Ted Cruz's 'Boomerang' Rhetoric Problem - Word&Way

Ted Cruz’s ‘Boomerang’ Rhetoric Problem

Republican Sen. Ted Cruz of Texas archly accuses the “far left” of believing America’s existence is “fundamentally illegitimate.” He bases his case on the issue of immigration. In particular, he is hyper-hyperbolic over the situation at the U.S.-Mexico border. But Cruz launched an attack on liberals that became a boomerang that returned to hit him in the head.

Rodney Kennedy

The best biblical trope I have discovered to bring Cruz’s disgusting rhetoric into focus is the story of an unclean spirit leaving a person, wandering through waterless regions looking for a resting place. Finally, he returns to his own house and finds it empty, swept, and put in order. Then, according to Matthew 12:45, “it goes and brings along seven other spirits more evil than itself, and they enter and live there, and the last state of that person is worse than the first.”

According to Cruz, the leaders of the “far left” are Sen. Bernie Sanders, Sen. Elizabeth Warren, and Rep. Alexandria Ocasio-Cortez. At a loss for other Democrats to blame, Cruz lumps them all in the “radical open borders crowd.” In no mood for diplomacy, political respect, or rational expression, Cruz blurted, “Some of those nuts believe America shouldn’t exist, that our existence is fundamentally illegitimate.”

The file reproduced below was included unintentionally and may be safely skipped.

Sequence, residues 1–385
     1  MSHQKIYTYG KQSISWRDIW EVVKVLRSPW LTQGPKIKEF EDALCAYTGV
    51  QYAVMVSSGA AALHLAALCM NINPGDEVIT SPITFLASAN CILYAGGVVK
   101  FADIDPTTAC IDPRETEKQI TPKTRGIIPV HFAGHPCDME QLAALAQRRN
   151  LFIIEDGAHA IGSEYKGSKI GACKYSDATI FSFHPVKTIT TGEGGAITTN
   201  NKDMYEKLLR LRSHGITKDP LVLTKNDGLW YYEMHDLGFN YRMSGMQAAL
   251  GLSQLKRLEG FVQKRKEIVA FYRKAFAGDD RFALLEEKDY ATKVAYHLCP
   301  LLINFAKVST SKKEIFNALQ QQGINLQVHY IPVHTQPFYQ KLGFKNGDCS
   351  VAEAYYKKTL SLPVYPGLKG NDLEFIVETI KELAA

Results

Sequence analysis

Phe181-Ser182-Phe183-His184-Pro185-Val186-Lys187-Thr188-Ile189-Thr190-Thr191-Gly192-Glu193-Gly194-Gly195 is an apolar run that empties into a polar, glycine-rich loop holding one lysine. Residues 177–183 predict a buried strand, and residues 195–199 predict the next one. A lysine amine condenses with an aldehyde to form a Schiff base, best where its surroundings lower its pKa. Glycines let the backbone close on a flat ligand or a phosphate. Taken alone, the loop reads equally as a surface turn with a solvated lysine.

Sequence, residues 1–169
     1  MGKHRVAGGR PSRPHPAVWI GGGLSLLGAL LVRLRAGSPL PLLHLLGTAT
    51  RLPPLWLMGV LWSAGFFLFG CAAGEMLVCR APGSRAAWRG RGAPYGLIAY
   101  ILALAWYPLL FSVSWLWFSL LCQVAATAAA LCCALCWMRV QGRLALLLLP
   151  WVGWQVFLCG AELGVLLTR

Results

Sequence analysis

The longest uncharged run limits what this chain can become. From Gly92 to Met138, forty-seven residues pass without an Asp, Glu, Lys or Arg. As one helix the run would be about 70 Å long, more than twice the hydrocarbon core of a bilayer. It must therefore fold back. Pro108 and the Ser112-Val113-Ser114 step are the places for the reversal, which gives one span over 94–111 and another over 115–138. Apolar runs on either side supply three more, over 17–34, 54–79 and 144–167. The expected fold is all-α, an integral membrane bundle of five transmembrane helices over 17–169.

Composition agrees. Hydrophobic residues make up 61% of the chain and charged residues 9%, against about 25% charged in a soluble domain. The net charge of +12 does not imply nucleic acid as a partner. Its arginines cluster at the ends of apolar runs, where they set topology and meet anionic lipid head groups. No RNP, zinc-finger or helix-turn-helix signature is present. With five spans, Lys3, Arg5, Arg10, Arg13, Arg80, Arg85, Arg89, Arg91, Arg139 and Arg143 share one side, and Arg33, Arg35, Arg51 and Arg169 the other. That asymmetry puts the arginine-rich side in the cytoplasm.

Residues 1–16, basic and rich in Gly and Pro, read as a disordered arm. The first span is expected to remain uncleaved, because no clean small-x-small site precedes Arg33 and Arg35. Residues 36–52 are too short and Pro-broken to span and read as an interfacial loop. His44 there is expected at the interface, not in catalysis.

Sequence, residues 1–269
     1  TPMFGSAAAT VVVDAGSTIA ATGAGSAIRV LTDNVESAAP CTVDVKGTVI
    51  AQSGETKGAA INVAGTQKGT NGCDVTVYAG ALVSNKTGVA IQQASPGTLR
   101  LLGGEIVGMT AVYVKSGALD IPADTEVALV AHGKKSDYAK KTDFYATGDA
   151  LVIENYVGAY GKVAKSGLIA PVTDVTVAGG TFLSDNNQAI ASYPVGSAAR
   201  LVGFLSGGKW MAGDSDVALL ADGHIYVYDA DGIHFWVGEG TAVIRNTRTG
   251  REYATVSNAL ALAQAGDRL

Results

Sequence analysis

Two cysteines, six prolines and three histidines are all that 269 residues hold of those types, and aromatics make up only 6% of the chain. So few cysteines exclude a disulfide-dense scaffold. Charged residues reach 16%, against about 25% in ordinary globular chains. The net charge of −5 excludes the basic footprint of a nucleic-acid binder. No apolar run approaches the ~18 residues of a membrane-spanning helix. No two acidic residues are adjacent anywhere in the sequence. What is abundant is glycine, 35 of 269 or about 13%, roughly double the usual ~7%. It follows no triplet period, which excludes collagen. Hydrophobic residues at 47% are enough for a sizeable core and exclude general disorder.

At first, I was tempted to believe that Cruz had been traveling around Texas with Willie Nelson and company for some heavy marijuana smoking, but Cruz and Willie don’t go together. Cruz is a mere cipher in the much larger Christian Nationalist outfit that has written a revisionist version of American history. The purpose of this false history is to replace democracy with something like theocracy while pretending it’s still a democracy. The First Amendment with its strong insistence on the separation of church and state will be the first freedom to disappear if these right-wingers take control. And yet, as a member of a political party “gone crazy,” Cruz claims Democrats are attempting to destroy the nation.